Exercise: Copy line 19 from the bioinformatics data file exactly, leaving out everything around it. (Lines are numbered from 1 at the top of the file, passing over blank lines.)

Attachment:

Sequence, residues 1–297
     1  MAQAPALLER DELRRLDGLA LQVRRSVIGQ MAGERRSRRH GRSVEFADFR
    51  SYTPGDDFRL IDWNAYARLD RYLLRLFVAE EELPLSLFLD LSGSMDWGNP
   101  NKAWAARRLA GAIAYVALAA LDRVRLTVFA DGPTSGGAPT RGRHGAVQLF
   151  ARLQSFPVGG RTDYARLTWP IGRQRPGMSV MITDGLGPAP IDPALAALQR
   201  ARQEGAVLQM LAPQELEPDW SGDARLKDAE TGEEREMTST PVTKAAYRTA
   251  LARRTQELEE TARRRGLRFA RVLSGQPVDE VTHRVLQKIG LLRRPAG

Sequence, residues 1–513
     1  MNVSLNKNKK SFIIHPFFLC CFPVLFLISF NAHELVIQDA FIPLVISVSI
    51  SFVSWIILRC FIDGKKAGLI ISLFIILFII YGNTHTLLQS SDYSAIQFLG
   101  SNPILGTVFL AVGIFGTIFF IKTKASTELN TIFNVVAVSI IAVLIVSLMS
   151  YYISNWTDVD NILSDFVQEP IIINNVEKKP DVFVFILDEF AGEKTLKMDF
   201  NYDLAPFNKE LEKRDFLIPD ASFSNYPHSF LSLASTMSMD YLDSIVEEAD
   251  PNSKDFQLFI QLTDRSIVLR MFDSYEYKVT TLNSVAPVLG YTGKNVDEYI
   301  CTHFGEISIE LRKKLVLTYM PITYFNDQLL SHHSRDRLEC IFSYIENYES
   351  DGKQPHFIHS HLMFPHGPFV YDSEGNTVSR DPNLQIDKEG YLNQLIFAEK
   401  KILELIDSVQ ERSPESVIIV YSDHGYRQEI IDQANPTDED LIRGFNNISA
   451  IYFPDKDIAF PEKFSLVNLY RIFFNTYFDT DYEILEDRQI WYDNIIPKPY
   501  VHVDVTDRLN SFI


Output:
   501  VHVDVTDRLN SFI